National Defense Reserve Fleet

Introduction

Section 11 of the Merchant Ship Sales Act of 1946 established the National Defense Reserve Fleet (NDRF) to serve as a reserve of ships for national defense and national emergencies. At its height in 1950, the NDRF consisted of 2,277 ships at the following eight anchorages: Stony Point, New York; Fort Eustis, Virginia; Wilmington, North Carolina; Mobile, Alabama; Beaumont, Texas; Benicia, California; Astoria, Oregon; and Olympia, Washington.

 

The Fleet

Today’s fleet is much smaller, consisting of just three of its original eight anchorages located at: Fort Eustis, Virginia; Beaumont, Texas; Suisun Bay in Benicia, California, and at designated port facility berths. The program consists primarily of dry cargo ships with some tankers and military auxiliaries. As of July 31, 2014, there were 114 vessels in the NDRF.

In 1976, a Ready Reserve Fleet component was established to provide rapid deployment of military equipment. The Ready Reserve Fleet later became the Ready Reserve Force (RRF), which now comprises 46 vessels. In addition to maintaining ships for the United States Transportation Command (USTRANSCOM), the Missile Defense Agency sponsors two NDRF ships for missile tracking.  An additional 11 non-NDRF ships are held for other government agencies on a cost-reimbursable basis.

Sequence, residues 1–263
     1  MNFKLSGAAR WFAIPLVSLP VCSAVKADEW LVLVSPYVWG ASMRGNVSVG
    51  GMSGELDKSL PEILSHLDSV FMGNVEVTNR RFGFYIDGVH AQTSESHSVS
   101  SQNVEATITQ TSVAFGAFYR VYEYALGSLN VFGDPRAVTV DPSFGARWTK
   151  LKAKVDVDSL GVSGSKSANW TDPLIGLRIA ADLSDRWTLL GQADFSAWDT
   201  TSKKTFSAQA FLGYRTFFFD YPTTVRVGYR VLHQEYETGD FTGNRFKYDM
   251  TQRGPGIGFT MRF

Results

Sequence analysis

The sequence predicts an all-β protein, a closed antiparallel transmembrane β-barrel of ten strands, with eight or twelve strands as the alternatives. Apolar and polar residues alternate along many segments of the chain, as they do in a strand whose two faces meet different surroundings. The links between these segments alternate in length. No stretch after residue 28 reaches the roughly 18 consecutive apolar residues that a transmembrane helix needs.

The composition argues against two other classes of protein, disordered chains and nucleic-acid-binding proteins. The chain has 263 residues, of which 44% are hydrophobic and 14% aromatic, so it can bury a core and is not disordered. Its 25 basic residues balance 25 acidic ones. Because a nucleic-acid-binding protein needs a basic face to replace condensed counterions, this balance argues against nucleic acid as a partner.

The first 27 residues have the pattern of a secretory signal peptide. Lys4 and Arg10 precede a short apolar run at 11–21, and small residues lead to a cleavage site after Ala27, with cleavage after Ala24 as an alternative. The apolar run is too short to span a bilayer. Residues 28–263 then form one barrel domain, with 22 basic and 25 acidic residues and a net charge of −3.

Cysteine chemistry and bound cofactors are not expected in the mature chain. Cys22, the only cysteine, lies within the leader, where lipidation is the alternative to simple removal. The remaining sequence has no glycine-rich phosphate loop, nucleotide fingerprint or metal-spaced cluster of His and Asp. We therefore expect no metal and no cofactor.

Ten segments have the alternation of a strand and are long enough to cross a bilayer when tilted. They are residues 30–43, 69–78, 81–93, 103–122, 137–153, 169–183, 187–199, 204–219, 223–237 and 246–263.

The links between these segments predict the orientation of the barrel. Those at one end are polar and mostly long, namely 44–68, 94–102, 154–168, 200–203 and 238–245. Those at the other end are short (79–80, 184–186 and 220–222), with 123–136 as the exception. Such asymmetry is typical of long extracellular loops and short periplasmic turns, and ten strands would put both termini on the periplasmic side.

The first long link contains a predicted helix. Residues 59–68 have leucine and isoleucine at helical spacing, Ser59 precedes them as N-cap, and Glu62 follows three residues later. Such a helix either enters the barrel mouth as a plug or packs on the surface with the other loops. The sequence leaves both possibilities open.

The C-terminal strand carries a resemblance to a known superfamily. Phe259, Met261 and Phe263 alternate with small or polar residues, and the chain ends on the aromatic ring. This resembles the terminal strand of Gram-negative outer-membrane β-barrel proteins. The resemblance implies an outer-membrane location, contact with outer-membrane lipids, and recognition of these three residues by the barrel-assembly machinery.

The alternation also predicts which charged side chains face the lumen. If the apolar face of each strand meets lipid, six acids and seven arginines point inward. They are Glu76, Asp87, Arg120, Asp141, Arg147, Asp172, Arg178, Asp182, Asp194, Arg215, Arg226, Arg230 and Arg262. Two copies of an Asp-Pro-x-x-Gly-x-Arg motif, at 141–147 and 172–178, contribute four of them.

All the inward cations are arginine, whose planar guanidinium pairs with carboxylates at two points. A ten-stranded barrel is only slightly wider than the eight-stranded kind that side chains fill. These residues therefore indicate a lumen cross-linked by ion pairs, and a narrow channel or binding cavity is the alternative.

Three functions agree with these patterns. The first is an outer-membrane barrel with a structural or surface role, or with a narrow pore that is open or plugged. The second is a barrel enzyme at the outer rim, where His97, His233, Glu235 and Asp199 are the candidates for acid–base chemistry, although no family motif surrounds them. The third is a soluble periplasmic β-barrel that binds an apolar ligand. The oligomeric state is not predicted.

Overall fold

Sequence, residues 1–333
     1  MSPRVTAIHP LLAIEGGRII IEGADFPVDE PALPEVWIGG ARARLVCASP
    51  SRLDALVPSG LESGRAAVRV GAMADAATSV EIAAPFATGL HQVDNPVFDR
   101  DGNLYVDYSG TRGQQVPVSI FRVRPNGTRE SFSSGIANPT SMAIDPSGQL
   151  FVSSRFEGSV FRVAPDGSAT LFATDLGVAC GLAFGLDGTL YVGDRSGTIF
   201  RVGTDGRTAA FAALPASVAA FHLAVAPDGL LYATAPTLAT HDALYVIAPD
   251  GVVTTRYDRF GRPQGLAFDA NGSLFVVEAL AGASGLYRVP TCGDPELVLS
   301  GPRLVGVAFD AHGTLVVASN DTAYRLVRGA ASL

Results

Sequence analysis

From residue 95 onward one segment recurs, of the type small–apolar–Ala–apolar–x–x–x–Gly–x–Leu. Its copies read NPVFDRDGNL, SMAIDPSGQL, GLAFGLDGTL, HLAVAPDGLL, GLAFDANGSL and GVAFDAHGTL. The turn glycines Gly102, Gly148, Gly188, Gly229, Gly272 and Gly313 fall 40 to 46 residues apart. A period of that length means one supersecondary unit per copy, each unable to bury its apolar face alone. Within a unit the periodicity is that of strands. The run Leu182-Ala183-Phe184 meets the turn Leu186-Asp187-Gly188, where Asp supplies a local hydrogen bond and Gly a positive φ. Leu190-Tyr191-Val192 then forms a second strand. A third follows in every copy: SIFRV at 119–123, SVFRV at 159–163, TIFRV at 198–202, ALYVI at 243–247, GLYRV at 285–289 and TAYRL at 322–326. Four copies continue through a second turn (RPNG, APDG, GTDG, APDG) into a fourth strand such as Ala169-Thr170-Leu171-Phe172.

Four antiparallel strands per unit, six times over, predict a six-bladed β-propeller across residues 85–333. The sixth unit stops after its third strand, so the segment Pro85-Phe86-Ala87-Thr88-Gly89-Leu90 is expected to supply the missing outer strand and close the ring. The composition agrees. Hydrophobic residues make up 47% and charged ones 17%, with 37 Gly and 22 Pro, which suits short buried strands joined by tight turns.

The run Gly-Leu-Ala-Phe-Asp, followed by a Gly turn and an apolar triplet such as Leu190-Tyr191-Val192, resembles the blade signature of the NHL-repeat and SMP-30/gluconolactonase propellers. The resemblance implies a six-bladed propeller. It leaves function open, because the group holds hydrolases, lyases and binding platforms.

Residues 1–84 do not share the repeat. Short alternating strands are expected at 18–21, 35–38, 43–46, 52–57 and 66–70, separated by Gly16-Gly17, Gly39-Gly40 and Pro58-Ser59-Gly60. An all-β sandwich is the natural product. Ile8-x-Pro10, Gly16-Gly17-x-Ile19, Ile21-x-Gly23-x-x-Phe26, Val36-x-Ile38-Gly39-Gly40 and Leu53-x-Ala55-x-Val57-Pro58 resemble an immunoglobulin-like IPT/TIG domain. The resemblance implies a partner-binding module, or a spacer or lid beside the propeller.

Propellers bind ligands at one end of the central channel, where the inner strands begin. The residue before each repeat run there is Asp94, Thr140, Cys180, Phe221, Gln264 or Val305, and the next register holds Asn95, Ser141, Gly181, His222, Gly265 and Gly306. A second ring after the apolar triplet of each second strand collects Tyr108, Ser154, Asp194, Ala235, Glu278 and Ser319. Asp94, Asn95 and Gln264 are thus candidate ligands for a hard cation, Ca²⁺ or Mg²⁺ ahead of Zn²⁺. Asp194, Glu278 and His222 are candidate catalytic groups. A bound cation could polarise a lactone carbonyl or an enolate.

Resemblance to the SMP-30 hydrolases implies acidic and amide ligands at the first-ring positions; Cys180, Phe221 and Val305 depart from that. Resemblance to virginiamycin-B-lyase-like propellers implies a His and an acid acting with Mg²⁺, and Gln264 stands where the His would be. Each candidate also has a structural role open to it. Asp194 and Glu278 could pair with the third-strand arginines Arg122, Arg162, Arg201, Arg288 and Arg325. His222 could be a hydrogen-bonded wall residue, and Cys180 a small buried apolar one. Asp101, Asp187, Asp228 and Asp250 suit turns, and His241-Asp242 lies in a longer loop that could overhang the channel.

There are 36 vessels in retention status, which are preserved in a way that keeps them in the same condition as when they entered the fleet. Dehumidification of air-tight internal spaces is an effective means of controlling the corrosion of metal and growth of mold and mildew. A cathodic protection system uses an impressed current of DC power that is distributed through anodes to the exterior underwater portions of the hull, resulting in an electric field that suppresses corrosion and preserves exposed hull surfaces.

Operations

Since 1950, NDRF vessels have supported emergency shipping operations during war and national emergencies. During the Korean War, 540 vessels were activated to support military forces.

A worldwide tonnage shortfall from 1951 to 1953 required over 600 ship activations to lift coal to Northern Europe and grain to India. In 1956, 223 cargo ships and 29 tankers were activated in response to another tonnage shortfall caused by the closing of the Suez Canal. From 1955 through 1964, another 698 ships were used to store grain for the U.S. Department of Agriculture. During the Berlin crisis of 1961, 18 vessels were activated and remained in service until 1970. During the Vietnam War, 172 vessels were activated to support military operations there. In August of 1990, the RRF consisted of 96 ships, 78 of which were activated to support Operations DESERT SHIELD/DESERT STORM. This was the first large-scale activation and employment of the RRF since it was separated from the NDRF. The vessels involved were roll-on/roll-off (Ro-Ro) vessels (which describe how cargo is handled), break-bulk cargo ships, tankers, and barge carriers. More than seventy-five percent of the RRF provided sealift to support the U.S. effort’s in the Persian Gulf between August 1990 and April 1991. The ships transported 750,000 short tons of dry cargo, which was one-fifth of the total dry cargo sealifted during the conflict. The Ro-Ros proved to be some the most effective sealift vessels, delivering nearly twenty percent of Central Command’s material and other support during the first phase of the operations.